The All Ordinaries index was down 0.6% for the week, ending 1 February 2018. Having moved above its 100 DMA last week, it has spent the week consolidating just above. The index closed 2.7% below its 200 DMA. Of the 476 stocks currently comprising the index, only 198 of these (42%) ended the week above their respective 100 DMAs, up from 189 names at the end of last week. Two hundred fifty-four stocks were up for the week, while 222 ended the week flat or down. One hundred and eighty-seven shares ended the week within 20% of their 52-week highs, while only 43 names are within 5% of highs.
Of the stocks within 5% of the new high territory, there is a preponderance of names in the Real Estate (17) and Materials (10) sectors. This is not altogether unexpected given that on a trailing 12-month basis the Real Estate sector is the only sector currently showing positive returns. Also, with the price of gold and the price of iron ore both up sharply over the last few months, it follows that the producers of these commodities should also be active.
Alongside the Materials names, last week was mostly a continuation of the themes that have persisted since the week ending December 24, with Information Technology and Energy companies continuing to recover ground.
The Consumer Discretionary and Financials sectors continued their downtrend. Healthcare was the worst performing sector for the week, which was in contrast to the previous four weeks, post-December 24, where the sector had been mainly in recovery mode. A 20% decline in Resmed and an 8% decline in Fisher and Paykel Healthcare accounts for much of this weakness in Healthcare.
WAAAX names were again solid, with Wisetech, Afterpay, Appen, Altium and Xero up 4.7%, 3.9%, 3.6%, 4.4% and 3.1% respectively for the week. These companies are all within 20% of new highs, except for Afterpay, who is still 30% below its high. Other technology leaders including NEXTDC, Technology One, Bravura and Codan also continued to perform strongly during the week.
With the gold price up substantially since October last year, gold companies have become some of the leading names in the index.
Saracen Minerals (SAR)
Saracen is up nearly 80% since the beginning of October 2018. While the index has struggled, the share price of SAR has moved in the opposite direction and is now a leading momentum stock in the index. The stock was up another 14% last week.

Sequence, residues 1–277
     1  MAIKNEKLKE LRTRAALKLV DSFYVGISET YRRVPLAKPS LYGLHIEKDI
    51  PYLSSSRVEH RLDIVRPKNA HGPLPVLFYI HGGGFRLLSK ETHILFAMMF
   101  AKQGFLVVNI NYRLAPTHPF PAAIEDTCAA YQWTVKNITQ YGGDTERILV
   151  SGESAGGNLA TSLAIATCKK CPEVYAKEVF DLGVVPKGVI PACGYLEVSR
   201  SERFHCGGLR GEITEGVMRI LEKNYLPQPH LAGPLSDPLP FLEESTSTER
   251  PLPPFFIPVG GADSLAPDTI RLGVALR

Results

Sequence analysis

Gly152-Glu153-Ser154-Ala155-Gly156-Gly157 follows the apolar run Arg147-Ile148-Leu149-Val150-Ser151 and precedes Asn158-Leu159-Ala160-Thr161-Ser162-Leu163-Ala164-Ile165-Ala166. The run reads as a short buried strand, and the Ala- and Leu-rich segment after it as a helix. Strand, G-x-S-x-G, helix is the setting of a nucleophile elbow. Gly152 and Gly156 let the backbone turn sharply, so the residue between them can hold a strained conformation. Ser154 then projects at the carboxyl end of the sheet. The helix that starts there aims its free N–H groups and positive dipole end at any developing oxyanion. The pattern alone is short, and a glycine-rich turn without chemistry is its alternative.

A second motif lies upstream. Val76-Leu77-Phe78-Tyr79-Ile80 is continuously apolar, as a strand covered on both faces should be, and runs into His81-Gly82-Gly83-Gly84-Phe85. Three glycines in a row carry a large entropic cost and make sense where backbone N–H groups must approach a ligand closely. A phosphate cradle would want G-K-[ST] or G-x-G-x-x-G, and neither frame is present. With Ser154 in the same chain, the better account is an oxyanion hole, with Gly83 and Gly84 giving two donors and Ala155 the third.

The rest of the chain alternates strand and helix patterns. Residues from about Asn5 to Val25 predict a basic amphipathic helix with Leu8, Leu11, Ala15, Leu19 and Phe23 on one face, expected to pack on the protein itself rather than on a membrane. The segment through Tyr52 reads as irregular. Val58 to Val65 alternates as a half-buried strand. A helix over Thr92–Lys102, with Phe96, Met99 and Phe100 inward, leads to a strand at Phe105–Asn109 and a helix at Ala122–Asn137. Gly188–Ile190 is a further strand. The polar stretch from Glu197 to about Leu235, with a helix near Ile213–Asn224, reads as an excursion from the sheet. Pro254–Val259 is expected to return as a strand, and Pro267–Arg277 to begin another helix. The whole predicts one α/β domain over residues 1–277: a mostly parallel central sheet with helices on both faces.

Gold Road Resources (GOR)
GOR is another gold company that was breaking out last week. Gold Road is a smaller cap name with a market capitalisation of $675m. The stock has been in a trading range since September last year but now seems to have broken out on significant volume. The share price provided a similar breakout signal in January 2018, before breaking down again in May. It will be interesting to see what happens this time around.
St Barbara (SBM)
SBM was up 11% last week and is now back within 6% of its highs, having spent the second half of last year consolidating gains from the previous uptrend. Technically, the stock looks to be in an excellent position to continue its uptrend.
Regis Resources (RRL)
Appreciated 9% last week and broke out of a small trading range, with a sign of strength rally on above-average volume. The stock is approaching 52-week highs and is looking very strong indeed.
Newcrest Mining (NCM)
The largest of the group, however showing character that is no less compelling. The stock was up 8.6% last week and is now very close to its 52-week high price. The stock has been in an extended trading range since July 2016 and is now approaching the top of that range, having broken out of a shorter term trading range at the beginning of January. Volume has been above average on up moves and subdued on pullbacks, which is a good sign however a sign of strength rally that took the price through $25 would be very positive as there has been resistance at this level in the past.
Gold and Iron Ore holding up index
The Materials sector comprises ~28% of the index, and iron ore and gold producers account for a large portion of the sector. It’s important to note that without rallying gold and iron ore prices, the index itself would likely be far weaker.